What is Augmentin?
Augmentin is a type of antibiotic used to combat bacterial infections. It has two active ingredients – amoxicillin and clavulanic acid. Amoxycillin belongs to the penicillin group of antibiotics. Penicillin antibiotics can sometimes be made inactive, the clavulanic acid prevents this from happening. Adding clavulanic acid means that Augmentin can be used to treat some strains of bacteria that are resistant to traditional antibiotics. This includes sinus infections, chronic ear infections, severe skin infections, bacterial infections related to chronic obstructive pulmonary disease and laryngitis.Augmentin is also good at treating recurring infections such as urinary tract infections. Antibiotics work by attacking things that bacteria cells have which human cells don’t. Penicillin keeps bacteria from building a cell wall to prevent it from surviving.
Augmentin is used for both adults and children to treat the following types of illness:
- respiratory tract infections
- urinary tract infections
- ear infections (particularly in children)
- bone and joint infections, particularly dental infections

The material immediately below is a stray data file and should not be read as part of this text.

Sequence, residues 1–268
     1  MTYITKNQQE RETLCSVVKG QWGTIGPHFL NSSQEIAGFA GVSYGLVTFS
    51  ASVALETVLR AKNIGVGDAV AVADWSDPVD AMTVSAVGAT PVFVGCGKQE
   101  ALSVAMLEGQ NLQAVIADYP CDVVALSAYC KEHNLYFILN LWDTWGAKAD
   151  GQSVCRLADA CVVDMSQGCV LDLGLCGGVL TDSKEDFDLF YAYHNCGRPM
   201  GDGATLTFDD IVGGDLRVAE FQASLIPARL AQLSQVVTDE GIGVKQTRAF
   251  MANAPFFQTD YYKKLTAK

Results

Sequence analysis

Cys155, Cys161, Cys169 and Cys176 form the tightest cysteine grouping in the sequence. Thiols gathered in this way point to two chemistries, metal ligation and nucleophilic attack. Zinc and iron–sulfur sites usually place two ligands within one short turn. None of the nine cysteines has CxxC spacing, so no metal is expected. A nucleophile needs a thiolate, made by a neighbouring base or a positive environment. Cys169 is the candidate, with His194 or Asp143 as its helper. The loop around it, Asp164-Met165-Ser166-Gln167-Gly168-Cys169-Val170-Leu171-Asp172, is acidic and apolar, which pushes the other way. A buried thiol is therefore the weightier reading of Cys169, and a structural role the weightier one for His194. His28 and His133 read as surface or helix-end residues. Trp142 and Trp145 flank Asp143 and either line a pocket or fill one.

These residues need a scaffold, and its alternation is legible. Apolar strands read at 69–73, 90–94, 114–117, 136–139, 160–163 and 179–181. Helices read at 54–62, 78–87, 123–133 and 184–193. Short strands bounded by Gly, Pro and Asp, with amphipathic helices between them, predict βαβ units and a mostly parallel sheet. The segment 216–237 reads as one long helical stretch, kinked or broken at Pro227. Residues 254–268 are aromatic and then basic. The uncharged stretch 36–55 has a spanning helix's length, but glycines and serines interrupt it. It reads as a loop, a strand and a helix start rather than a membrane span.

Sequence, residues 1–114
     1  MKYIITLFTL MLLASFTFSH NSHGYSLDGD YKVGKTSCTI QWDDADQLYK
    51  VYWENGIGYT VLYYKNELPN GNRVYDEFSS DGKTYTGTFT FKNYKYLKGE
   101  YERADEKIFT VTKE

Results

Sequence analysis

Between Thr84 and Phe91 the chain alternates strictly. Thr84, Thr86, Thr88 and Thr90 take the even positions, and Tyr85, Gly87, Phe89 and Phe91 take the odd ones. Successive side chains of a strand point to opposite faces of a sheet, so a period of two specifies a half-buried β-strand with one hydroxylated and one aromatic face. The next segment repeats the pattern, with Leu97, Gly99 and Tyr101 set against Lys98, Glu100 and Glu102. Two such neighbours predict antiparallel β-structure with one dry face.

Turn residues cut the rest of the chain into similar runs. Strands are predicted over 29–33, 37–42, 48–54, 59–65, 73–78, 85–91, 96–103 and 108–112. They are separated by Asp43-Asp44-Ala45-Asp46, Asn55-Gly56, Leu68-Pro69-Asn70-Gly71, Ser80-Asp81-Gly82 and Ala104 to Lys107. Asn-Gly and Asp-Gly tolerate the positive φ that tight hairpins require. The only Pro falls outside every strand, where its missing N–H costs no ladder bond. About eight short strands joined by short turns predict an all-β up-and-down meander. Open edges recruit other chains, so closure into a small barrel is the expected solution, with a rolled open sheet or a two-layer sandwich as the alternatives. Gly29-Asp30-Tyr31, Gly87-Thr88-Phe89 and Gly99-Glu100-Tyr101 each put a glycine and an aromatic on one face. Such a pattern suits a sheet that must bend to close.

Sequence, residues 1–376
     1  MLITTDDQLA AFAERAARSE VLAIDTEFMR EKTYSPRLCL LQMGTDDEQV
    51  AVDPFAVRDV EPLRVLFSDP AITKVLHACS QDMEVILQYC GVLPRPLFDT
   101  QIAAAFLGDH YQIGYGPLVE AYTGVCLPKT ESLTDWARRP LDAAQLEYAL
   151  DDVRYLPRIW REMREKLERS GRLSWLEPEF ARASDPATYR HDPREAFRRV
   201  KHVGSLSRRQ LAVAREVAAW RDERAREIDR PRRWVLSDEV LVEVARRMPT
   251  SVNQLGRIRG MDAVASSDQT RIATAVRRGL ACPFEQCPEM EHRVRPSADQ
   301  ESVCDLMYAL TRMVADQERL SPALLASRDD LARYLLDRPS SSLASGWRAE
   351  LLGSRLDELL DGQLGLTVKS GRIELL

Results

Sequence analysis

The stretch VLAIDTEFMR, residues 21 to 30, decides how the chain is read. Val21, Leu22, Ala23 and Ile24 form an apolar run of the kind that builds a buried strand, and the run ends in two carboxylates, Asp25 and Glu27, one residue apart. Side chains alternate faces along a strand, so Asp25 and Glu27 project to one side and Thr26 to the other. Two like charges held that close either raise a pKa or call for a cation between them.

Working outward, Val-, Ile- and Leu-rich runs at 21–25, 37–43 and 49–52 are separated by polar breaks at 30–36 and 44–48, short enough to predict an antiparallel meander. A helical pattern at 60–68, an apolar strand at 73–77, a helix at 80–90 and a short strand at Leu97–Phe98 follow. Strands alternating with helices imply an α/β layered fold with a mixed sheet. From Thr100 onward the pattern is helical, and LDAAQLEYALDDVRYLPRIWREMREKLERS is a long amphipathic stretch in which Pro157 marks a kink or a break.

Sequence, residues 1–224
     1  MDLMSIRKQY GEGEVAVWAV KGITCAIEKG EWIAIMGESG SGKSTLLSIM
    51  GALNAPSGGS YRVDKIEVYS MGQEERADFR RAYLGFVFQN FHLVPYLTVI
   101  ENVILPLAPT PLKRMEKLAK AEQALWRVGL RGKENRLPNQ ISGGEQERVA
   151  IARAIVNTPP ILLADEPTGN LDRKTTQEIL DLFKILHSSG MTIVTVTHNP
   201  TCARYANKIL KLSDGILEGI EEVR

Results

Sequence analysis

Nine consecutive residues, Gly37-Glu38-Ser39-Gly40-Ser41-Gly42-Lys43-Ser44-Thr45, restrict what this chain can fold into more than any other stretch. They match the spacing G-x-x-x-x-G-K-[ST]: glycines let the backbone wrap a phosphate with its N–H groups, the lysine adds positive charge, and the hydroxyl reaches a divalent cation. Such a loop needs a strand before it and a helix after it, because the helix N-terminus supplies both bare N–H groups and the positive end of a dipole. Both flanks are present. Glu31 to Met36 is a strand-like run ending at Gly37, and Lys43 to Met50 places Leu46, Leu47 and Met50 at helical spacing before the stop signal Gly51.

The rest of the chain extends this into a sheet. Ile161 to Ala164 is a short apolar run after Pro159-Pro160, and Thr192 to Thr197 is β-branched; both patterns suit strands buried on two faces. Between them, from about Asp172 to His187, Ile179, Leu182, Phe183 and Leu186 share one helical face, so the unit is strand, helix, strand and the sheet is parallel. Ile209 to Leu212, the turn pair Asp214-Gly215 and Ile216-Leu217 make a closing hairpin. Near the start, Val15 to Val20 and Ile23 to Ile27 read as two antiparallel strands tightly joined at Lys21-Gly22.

- skin and soft tissue infections
How do you use Augmentin?
You should always follow the instructions given to you by your doctor when it comes to taking medication. Augmentin usually comes in tablet form and should be swallowed whole with a glass of water. The tablets come with a score along the middle so you can break them in two to make them easier to swallow. You must still take both pieces at the same time. When Augmentin is prescribed for children it usually comes as a liquid or in powder sachets so that it is easier for them to take. Augmentin can also be given by intravenous injection, but this is only done in hospital.
What dosages are there?
Each Augmentin tablet contains two active ingredients, 500mg of amoxycillin and 125mg equivalent of potassium clavulanate. The tablets come in blister packs containing 4,10,12,14,16,20,24,30,100 or 500 tablets.
Your doctor will prescribe the right amount for you and if you are unsure about dosages always check with your doctor. You will also be told how long you need to take the tablets for.
A guideline for dosages is as follows:
- Adults and children weighing 40kg and over should take 1 tablet three times a day.
- Children weighing less than 40kg should take Augmentin in liquid or powder sachet form. Particularly if they are aged 6 or under.